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Thermocouple Meters

Author: E.E. Kimberly

A sensitive D'Arsonval instrument connected to a thermocouple measures the current caused by heating of the couple junction. If the couple be heated by a small resistor, the meter may be calibrated in terms of current in the resistor. That is the principle of the thermocouple ammeter extensively used for measurement of high-frequency currents such as those used in radio communication. The voltage of a thermocouple is proportional to the difference between the temperature of its heated junction and the temperature of the other ends of the couple metals.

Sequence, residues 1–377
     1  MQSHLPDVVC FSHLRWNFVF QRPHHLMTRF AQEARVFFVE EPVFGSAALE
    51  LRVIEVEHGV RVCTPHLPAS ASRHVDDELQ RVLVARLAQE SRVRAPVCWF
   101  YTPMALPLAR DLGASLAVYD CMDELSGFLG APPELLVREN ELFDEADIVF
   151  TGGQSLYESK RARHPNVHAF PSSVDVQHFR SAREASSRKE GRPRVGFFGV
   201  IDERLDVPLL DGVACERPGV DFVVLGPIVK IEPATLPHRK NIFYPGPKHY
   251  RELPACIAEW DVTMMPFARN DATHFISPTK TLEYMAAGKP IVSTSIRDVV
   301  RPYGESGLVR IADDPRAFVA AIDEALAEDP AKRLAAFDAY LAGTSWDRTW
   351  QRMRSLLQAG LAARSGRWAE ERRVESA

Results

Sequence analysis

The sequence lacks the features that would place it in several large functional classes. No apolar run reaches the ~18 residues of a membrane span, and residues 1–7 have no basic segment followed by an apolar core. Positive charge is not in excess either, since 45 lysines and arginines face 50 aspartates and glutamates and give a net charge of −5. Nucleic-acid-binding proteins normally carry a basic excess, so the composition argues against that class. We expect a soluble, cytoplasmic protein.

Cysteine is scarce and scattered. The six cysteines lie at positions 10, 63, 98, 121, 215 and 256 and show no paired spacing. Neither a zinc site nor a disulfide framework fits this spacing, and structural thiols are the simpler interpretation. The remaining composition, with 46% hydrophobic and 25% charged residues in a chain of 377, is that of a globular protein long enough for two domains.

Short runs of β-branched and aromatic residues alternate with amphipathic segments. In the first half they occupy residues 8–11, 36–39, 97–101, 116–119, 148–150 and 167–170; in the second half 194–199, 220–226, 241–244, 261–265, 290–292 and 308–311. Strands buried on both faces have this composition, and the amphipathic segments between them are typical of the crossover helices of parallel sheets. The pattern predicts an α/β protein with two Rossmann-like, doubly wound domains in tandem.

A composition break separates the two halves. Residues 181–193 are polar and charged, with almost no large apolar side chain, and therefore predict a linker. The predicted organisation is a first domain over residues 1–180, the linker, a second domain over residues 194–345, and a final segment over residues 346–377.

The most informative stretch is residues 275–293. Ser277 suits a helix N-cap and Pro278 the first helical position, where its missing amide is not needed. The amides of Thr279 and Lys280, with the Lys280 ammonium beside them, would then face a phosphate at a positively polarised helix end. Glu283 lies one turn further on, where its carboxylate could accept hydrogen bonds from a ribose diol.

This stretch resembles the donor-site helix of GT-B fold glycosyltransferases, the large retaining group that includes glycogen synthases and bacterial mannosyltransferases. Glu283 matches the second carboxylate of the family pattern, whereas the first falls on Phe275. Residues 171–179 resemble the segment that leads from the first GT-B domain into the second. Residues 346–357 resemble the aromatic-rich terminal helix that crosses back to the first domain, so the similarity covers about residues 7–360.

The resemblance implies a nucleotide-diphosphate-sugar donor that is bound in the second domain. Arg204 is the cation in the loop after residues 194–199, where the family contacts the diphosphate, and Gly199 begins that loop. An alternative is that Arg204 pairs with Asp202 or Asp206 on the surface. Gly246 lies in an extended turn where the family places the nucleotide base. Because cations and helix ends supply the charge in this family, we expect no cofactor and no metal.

If no temperature compensation were provided,the accuracy of the instrument would decrease as the ambient temperature in which it is used changed from that at which it was calibrated. To avoid such errors, the ends of the heater wires are commonly connected to rather massive metal blocks to which are also connected the instrument leads. This is called "cold junction compensation" and helps to minimize temperature errors. A circuit for a thermocouple-type instrument is shown in Fig. 16-13.

Fig. 16-13. Circuit for Heater Thermocouple-Type Instrument With Temperature Compensation

Last Update: 2011-01-17